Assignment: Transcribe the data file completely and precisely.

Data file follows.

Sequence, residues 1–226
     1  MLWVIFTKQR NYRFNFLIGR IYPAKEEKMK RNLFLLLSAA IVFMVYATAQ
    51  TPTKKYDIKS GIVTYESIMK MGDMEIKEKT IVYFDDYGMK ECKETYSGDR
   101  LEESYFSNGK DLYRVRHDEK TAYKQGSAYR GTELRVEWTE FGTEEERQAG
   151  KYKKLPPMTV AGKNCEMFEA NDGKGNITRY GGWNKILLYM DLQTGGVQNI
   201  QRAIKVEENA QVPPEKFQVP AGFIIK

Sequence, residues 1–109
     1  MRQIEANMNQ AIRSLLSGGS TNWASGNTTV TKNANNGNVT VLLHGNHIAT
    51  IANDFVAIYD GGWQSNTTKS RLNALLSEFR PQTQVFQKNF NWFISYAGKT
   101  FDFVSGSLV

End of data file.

Sequence, residues 1–226
     1  MLWVIFTKQR NYRFNFLIGR IYPAKEEKMK RNLFLLLSAA IVFMVYATAQ
    51  TPTKKYDIKS GIVTYESIMK MGDMEIKEKT IVYFDDYGMK ECKETYSGDR
   101  LEESYFSNGK DLYRVRHDEK TAYKQGSAYR GTELRVEWTE FGTEEERQAG
   151  KYKKLPPMTV AGKNCEMFEA NDGKGNITRY GGWNKILLYM DLQTGGVQNI
   201  QRAIKVEENA QVPPEKFQVP AGFIIK

Sequence, residues 1–109
     1  MRQIEANMNQ AIRSLLSGGS TNWASGNTTV TKNANNGNVT VLLHGNHIAT
    51  IANDFVAIYD GGWQSNTTKS RLNALLSEFR PQTQVFQKNF NWFISYAGKT
   101  FDFVSGSLV